This year's plum harvest has yielded a reasonable crop. We have had crumble, slices, stewed plumbs and now have a few frozen ones put aside for a treat at Christmas. Amongst the crop was a "double yolker" - a plumb with two stones. It is the first time I have seen this occur.
This bulbous fruit has two stones, which are arranged at right angles to the expected orientation. It tasted like any other plum, but had more flesh.
This weeks garden challenge was to clear the pond-side wilderness. This area of the garden has become overgrown with iris and yellow loosestrife as well as being edged with Alchemilla mollis. It was a haven for large slugs.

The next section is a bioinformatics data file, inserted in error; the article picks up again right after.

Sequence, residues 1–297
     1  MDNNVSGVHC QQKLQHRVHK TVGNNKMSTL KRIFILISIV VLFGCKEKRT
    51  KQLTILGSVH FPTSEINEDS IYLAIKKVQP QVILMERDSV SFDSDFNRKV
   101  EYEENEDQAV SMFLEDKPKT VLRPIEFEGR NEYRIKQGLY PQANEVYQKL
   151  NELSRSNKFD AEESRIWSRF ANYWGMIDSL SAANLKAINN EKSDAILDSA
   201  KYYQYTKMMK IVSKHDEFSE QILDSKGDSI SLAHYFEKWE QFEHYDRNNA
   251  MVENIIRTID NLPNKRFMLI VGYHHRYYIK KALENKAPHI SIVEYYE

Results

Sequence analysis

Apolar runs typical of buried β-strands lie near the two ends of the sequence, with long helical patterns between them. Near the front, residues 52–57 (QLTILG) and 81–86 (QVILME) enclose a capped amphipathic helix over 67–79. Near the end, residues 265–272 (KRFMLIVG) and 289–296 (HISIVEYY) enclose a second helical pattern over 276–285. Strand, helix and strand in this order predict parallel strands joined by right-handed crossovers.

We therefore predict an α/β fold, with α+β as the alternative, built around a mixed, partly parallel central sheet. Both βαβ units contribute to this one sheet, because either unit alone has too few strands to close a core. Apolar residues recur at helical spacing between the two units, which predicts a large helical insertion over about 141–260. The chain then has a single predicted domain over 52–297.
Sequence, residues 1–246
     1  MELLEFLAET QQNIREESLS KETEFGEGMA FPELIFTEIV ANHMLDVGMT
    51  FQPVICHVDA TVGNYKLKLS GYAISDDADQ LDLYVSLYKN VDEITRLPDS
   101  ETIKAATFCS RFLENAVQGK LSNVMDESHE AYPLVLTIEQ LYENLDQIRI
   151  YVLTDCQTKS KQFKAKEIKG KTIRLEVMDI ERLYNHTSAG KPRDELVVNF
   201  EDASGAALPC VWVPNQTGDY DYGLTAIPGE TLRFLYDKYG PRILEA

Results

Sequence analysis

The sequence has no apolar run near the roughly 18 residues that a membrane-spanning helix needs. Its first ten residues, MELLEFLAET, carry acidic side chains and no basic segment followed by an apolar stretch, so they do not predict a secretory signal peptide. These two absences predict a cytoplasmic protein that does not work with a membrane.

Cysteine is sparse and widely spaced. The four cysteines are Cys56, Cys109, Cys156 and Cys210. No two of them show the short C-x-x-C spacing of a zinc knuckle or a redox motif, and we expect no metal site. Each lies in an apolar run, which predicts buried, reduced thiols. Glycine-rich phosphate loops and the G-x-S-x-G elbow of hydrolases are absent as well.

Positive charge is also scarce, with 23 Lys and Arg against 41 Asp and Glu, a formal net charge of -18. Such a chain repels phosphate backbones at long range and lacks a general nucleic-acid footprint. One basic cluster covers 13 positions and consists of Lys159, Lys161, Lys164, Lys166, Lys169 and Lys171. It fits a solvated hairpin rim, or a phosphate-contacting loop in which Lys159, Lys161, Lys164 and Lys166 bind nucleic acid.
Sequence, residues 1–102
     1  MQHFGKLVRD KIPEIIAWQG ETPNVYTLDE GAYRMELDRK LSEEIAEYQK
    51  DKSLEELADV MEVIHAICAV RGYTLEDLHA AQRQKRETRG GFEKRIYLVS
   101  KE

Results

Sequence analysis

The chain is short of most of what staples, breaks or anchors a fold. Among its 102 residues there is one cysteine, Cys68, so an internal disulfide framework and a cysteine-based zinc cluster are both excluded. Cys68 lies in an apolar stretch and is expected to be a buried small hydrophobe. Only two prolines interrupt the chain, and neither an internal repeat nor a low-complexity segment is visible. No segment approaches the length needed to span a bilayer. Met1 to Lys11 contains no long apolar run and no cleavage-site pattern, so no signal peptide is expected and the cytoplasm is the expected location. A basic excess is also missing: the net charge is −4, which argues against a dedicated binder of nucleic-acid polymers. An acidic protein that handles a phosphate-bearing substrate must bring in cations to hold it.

It took the best part of two days to remove the plants and finger pick the soil for rhizomes, roots and corms. The ground was devoid of other plant life as the dominant species had killed off all of the smaller species.
I had a collection of lithographic limestone slates at the back of the shed, left over from a dismantled 1970's fireplace hood form the original build of the house. With a bag of cement left over from last years brickwork and a couple of bags of sharp sand, these slates were laid as a path across the patch of garden, giving better access into the planting and to the back of the pond.
We are in the process of braking up plant groupings in other parts of the garden to populate the bare soil. The wilderness has now been conquered.